• Policing by consent – the Peelian mantra – is foundational for ensuring the requisite levels of accountability and legitimacy on which community engagement is built.
  • Trust and confidence is vital to the creation and maintenance of relationships between police and communities, and a cornerstone to partnership work.
  • Proactive policing engenders the trust and support of communities; reactive policing especially in a counter-terrorism context can create grievance and mistrust which undermine both state and community efforts to prevent violence.
  • Protection not persecution: the ways in which counter-terrorism practices are perceived and carried out by states, their security practitioners, and communities can be varied. The use of informants for example, may be viewed very differently according to context.

Intervention Work

  • The concepts and processes of ‘radicalisation’ and ‘de-radicalisation’ require further analysis, with input from practitioners – state and community – as well as academics.
  • Risk taking is a part of intervention work with individuals vulnerable to and holding violent extremist ideologies. Risk aversion, a common characteristic of public institutions, limits the process of intervention. It is important to explore ways in which risks may be taken and professional judgements of community workers and police officers supported.
  • Measuring success cannot be limited to the gathering of statistical data. A framework for understanding successful intervention – and prevention more generally – could be developed for use across a range of contexts.
  • Emotion, positive and negative, is an area that deserves further analysis, impacting on a range of aspects within the security agenda, including drivers of violent radicalisation, counter-radicalisation and de-radicalisation, motivation for community members and counter-terrorism practitioners, and within the process of community engagement and partnership work.

Innovations in countering terrorism

  • Fostering credibility as individuals and organisations working within the counter-terrorism arena is a complex and important process, requiring further attention.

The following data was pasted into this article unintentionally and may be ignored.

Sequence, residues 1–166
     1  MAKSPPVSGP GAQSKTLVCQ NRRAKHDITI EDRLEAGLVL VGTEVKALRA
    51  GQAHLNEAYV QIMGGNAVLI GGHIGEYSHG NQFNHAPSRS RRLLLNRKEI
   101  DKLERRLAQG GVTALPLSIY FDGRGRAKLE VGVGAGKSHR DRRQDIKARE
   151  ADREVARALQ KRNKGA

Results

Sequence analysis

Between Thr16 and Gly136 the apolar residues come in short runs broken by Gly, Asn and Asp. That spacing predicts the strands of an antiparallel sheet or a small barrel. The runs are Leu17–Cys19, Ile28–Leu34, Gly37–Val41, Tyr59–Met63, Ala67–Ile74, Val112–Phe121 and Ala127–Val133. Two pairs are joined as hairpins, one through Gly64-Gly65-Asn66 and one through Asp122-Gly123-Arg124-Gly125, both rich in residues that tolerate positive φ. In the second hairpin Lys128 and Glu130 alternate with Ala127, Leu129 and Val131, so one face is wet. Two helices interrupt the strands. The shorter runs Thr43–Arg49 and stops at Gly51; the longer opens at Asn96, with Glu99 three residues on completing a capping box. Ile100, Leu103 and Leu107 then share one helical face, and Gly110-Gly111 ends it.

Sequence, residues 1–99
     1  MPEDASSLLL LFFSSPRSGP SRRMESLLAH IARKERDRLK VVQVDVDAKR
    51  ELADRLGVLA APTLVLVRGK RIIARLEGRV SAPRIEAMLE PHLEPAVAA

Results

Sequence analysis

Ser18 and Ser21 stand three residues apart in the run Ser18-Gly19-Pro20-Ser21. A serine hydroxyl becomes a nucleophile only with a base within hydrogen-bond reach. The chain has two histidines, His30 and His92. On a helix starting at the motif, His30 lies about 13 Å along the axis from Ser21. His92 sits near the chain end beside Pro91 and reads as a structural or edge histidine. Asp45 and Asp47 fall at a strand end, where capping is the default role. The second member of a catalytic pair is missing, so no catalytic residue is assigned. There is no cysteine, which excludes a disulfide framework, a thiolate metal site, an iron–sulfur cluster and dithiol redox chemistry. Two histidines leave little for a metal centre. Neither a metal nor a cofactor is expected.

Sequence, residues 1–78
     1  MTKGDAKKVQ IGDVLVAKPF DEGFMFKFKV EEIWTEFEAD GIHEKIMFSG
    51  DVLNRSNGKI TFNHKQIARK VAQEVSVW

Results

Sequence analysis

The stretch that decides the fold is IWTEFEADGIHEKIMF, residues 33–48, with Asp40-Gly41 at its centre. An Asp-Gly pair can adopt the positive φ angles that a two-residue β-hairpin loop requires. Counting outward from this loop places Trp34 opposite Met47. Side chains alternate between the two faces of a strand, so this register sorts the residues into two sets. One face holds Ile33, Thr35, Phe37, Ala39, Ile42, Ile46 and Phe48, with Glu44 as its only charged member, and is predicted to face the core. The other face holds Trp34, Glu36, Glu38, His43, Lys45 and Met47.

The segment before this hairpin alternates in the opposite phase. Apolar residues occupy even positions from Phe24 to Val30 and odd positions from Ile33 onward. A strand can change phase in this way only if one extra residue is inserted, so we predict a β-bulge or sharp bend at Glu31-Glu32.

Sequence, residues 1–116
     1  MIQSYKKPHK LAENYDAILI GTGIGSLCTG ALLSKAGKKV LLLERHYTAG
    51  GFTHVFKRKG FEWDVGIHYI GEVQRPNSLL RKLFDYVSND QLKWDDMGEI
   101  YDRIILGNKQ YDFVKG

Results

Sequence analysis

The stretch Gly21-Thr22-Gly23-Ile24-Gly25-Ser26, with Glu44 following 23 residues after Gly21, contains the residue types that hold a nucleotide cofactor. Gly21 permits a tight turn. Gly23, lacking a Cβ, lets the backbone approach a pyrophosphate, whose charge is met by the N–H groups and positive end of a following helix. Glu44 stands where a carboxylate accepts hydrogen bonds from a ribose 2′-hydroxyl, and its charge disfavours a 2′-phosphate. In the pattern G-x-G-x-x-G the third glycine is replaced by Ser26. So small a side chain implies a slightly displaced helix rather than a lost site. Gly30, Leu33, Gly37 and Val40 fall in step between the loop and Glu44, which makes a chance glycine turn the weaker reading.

• Notions of pre-crime and the policing of thought in the context of preventative counter-terrorism and intervention work deserves further analysis, from ethical, academic and practical perspectives.
  • Valuing human relationships and the ability of micro-level, personal interactions to influence the success of policing in a counter-terrorism context is an important but oft overlooked aspect of building security which should be more greatly valued as part of police training.
  • Risk, trust and a willingness to step beyond official remit are vital elements in the development of partnership within the counter-terrorism.
  • Meaningful dialogue and listening to alternative and marginalised voices has not yet been achieved within many counter-terrorism contexts: the mechanisms with which to do this, and the gains that dialogue can bring must be further explored and best practices shared.
  • Creating safe spaces – physical, emotional, virtual - in which all parties involved in the issues of terrorism and counter-terrorism including community members, vulnerable individuals and practitioners can explore issues and have those ‘dangerous conversations’ so often stifled in the public domain is vital to the development of innovative and progressive methodologies within counter-terrorism.  

Ways Forward

The following steps have been identified as the most pertinent to the project’s development: